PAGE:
Yu Wensheng is a human rights lawyer from China who was sentenced to four years in prison in June this year after the court found him guilty on charges of “incitement to subvert state power.” Now, his wife, Xu Yan, is worried that her husband might end up becoming disabled from the torture he will be subjected to while in prison.
Sentenced to prison
Yu had already been held in detention for three years before he was sent to trial. During this time, Chinese authorities never allowed his family members to visit him. Xu Yan’s 60 attempts to meet government officials turned out to be in vain. She filed around 300 requests at various government departments regarding the detention of her husband, but did not receive a single reply. Chinese authorities also kept tabs on her and began harassing her when she started advocating for her husband. Xu has been banned from traveling. She is now concerned about her husband’s health. Human rights lawyer Wang Yu admits that Yu Wensheng will be at a higher risk of torture throughout his detention.
Yu Wensheng was indicted in February last year. Even though his lawyers made several attempts to contact him, their requests were consistently denied. Yu was detained under “residential surveillance at a designated location” (RSDL), a type of detention that is often used in cases that involve state security. RSDL allows authorities to block the visiting rights of the detained person’s family or lawyers. This has often been used against human rights activists in China. According to rights groups, people detained under RSDL are often subjected to torture.
Yu was arrested in January 2018. Four days prior to the arrest, he received a letter from the Beijing Municipal Judicial Administration Bureau informing him that his license as a lawyer was suspended since he had not been employed by a registered law firm for more than 6 months. Just days before the revocation of his license, Yu’s application for starting a new firm was rejected because he had spoken out against the Chinese Communist Party (CCP) and had attacked the country’s “socialist rule of law.” Recently, Yu was finally given access to a lawyer. According to the lawyer, Yu’s right hand was trembling so greatly that he couldn’t even write with that hand. Yu also has trouble chewing food on the left side of his mouth.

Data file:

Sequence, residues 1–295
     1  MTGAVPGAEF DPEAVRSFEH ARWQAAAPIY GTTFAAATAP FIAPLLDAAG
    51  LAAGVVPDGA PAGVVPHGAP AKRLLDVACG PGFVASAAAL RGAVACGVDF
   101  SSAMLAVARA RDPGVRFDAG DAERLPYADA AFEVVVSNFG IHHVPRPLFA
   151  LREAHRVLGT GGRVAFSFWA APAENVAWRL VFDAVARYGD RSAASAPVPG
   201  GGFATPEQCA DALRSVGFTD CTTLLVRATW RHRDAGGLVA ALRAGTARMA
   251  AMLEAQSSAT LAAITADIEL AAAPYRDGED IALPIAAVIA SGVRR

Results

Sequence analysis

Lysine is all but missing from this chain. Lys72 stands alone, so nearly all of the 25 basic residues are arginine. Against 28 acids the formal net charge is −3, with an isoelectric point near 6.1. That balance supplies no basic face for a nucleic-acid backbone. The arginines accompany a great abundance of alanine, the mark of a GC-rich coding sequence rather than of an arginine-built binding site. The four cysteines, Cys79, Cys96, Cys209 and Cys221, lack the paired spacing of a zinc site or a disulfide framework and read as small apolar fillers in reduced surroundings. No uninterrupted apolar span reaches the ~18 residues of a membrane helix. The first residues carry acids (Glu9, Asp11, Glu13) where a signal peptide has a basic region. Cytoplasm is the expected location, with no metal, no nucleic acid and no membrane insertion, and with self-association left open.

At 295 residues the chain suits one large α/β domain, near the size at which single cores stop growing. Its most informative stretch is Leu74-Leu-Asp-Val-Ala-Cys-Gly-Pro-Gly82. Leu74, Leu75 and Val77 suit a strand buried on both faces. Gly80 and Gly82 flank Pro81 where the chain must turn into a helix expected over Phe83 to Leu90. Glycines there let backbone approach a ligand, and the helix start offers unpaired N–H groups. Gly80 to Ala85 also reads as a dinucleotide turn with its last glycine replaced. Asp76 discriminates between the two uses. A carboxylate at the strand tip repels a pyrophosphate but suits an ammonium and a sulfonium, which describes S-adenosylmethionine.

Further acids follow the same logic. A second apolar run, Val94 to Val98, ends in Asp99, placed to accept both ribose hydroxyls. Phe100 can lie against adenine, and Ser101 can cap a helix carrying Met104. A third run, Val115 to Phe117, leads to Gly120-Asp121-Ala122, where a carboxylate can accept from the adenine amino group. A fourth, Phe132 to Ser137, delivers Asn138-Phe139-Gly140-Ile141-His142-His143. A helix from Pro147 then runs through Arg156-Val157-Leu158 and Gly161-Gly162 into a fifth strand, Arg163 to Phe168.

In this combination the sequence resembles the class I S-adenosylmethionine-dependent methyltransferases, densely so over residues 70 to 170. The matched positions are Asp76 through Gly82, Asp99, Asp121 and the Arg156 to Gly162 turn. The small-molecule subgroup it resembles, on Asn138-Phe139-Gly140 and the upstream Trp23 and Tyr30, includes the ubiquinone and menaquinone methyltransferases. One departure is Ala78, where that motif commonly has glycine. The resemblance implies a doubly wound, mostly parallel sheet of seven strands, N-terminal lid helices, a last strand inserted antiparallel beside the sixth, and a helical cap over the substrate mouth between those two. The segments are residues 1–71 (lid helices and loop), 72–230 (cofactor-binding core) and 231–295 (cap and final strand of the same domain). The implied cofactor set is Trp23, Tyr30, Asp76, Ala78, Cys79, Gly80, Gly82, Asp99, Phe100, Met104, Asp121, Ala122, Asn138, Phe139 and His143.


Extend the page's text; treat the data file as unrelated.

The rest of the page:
CCP and human rights violations
Ever since Xi Jinping took charge, the human rights situation in China has become much worse, according to academic lawyer Teng Biao. He points out that Xi has detained or killed at least 300 lawyers since 2012. “I was kidnapped, disappeared, and tortured in China. Xi Jinping’s government tightened its control on the internet, universities, and civil society in a comprehensive crackdown. In Xinjiang, it detained at least one to two million Uighur Muslims and other Turkic Muslims to lead to the worst humanitarian disaster in the 21st century,” Teng Biao said, as reported by Zee News.
Teng warns that the CCP is using Chinese apps like WeChat and TikTok to magnify their propaganda. He is also worried about the spread of Confucius Institutes since he believes that they are a huge threat to academic freedom. The U.S. has recently taken action against Confucius Institutes, designating them as foreign missions and demanding regular reports about their activities. In a webinar, Teng exposed the bloody history of the CCP, including the mass slaughter of landowners in 1949, the death of tens of millions of people from famine, the massacre of thousands at Tiananmen Square, and the millions of Falun Gong practitioners sent to prison.